Burberry Just Revealed a Fabulous Rainbow Print to Raise Funds for LGBTQ Youth Charities

Burberry Just Revealed a Fabulous Rainbow Print to Raise Funds for LGBTQ Youth Charities

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Despite being most known for their raincoats, Burberry has long been heralded as one of the most important fashion houses in Europe. For 17 years, Christopher Bailey has been at the helm of the brand.

The Burberry February 2018 collection will be his last collection as president and chief operating officer, and it will include a very special nod to the LGBTQ community. The collection will feature a rainbow check, a pride print that was released today on social media. All of the rainbow pieces will be available to buy immediately after the show in London on Saturday.

On Twitter, Burberry wrote: “Today we reveal and announce that @Burberry is supporting LGBTQ+ charities , and . The rainbow, a symbol of inclusiveness and joy, is celebrated throughout the February 2018 collection

Burberry called the LGBTQ rainbow “an emblem for optimism and inclusiveness,” and said it will feature prominently across the next collection. The rainbow check pieces will be available for purchase immediately after the show in London on Feb. 17.

Bailey wrote: “My final collection here at Burberry is dedicated to — and in support of — some of the best and brightest organizations supporting LGBTQ youth around the world. There has never been a more important time to say that in our diversity lies our strength, and our creativity,” said Bailey, president and chief creative officer of Burberry.”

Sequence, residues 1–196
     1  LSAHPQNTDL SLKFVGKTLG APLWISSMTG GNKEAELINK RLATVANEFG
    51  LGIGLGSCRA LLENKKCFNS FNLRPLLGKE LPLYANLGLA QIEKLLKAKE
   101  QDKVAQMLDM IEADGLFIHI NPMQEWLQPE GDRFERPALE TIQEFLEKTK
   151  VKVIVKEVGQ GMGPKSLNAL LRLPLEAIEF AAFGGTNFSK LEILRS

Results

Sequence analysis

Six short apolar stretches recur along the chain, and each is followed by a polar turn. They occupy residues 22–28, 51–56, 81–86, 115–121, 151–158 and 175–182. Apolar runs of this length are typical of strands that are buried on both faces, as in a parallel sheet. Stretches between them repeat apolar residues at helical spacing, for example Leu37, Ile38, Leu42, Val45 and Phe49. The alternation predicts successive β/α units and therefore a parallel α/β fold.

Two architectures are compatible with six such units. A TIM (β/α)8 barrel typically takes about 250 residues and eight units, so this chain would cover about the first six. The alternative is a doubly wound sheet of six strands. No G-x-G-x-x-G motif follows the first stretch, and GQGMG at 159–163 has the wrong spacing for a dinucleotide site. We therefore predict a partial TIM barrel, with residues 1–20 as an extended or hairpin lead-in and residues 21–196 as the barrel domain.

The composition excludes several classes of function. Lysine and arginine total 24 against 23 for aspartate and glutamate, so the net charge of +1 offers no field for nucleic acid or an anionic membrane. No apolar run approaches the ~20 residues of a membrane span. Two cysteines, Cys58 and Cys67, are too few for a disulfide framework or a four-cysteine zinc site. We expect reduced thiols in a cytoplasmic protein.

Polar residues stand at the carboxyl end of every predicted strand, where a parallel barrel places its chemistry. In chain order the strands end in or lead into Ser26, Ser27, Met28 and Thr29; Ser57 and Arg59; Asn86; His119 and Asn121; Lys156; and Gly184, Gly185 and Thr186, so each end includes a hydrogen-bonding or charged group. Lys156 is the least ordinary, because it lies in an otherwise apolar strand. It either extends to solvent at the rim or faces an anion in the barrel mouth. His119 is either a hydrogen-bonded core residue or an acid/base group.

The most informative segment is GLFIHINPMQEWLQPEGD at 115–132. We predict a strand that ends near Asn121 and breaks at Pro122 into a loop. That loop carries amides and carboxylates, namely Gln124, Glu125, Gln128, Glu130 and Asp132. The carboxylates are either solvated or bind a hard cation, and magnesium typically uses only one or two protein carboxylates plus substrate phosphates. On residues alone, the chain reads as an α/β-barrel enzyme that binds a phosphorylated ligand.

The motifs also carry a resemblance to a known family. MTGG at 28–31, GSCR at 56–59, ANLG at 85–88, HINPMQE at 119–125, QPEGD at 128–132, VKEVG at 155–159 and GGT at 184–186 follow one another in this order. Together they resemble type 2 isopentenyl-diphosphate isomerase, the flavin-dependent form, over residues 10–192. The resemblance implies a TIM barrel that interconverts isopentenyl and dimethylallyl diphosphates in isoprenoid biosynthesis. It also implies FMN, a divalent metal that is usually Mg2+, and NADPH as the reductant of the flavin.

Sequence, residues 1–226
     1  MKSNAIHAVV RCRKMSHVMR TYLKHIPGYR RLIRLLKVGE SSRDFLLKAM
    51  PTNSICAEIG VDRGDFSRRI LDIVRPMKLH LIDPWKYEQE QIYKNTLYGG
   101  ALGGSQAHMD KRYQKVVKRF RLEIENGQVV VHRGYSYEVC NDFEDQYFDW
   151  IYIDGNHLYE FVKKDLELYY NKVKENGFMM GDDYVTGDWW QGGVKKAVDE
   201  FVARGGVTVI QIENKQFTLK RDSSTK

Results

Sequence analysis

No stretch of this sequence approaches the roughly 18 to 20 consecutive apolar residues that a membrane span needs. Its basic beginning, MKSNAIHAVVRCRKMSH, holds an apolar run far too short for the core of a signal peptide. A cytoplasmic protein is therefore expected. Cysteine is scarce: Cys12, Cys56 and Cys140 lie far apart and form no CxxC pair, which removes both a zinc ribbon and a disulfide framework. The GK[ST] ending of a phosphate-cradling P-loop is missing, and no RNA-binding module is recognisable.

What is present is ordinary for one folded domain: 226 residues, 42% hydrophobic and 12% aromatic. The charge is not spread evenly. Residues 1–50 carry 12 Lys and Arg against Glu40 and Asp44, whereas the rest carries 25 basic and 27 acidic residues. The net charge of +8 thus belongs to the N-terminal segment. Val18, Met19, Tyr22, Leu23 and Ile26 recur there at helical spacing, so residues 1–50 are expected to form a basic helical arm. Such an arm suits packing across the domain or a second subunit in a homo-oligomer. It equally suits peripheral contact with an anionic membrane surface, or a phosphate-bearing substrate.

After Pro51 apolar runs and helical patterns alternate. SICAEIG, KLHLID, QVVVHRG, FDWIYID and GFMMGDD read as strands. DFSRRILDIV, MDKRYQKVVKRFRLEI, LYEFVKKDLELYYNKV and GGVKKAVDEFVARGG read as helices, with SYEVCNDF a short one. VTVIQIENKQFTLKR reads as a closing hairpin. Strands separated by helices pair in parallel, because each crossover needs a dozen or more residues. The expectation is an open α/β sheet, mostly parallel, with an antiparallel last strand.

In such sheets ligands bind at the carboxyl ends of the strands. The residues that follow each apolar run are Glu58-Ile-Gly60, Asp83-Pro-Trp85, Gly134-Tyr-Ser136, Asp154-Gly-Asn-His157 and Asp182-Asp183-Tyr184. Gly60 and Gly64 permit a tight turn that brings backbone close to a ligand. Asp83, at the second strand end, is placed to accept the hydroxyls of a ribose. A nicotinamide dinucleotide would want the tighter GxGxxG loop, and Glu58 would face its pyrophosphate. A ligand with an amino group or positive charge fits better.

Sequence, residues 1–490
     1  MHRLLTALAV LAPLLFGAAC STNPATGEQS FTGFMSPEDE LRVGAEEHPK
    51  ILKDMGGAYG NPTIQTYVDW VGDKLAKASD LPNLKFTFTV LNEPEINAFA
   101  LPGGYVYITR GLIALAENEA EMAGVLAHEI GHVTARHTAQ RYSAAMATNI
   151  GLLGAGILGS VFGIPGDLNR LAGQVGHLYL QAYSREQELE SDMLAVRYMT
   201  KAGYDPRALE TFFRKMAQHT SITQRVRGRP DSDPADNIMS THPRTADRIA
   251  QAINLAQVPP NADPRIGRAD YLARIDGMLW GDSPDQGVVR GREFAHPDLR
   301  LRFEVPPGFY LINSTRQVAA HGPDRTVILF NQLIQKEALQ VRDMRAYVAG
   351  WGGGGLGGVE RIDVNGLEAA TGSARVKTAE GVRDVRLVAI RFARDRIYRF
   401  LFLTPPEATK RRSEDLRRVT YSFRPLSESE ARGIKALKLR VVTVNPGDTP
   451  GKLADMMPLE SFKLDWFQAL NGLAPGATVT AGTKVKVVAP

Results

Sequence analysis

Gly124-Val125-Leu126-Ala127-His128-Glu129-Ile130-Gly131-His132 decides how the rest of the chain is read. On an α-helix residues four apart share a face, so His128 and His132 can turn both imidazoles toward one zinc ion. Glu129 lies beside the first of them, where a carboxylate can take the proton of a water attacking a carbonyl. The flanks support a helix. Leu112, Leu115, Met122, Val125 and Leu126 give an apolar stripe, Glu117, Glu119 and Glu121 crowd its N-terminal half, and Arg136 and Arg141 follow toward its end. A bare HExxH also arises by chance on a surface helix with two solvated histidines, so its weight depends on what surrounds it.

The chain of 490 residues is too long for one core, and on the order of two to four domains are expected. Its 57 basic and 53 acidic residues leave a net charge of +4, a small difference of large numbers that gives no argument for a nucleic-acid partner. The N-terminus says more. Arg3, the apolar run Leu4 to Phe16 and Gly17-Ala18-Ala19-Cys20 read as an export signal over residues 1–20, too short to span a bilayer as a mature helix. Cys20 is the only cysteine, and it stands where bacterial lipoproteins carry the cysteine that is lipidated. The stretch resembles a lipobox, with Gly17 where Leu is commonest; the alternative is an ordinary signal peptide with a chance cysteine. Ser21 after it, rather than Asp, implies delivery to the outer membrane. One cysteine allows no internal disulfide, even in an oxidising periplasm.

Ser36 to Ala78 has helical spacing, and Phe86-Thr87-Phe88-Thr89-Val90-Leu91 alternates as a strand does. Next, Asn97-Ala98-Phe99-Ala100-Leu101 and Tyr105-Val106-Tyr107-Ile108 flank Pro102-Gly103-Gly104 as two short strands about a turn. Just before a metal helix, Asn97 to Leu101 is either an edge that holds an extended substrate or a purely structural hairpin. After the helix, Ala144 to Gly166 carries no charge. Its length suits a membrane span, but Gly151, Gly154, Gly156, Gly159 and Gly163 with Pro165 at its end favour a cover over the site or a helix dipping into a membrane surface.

Burberry is making donations to three charities, the Albert Kennedy Trust, the Trevor Project and ILGA, the International Lesbian, Gay, Bisexual, Trans and Intersex Association, all of which aim to broaden awareness, mentor and make resources available to LGBTQ communities worldwide.

Tim Sigsworth, chief executive of the Albert Kennedy Trust, said Burberry’s donation will make a difference to preventing LGBTQ youth homelessness in the U.K. “Twenty-four percent of the 150,000 young people facing homelessness in the U.K. identify as LGBTQ after experiencing abuse and rejection just for being brave enough to come out to their families.”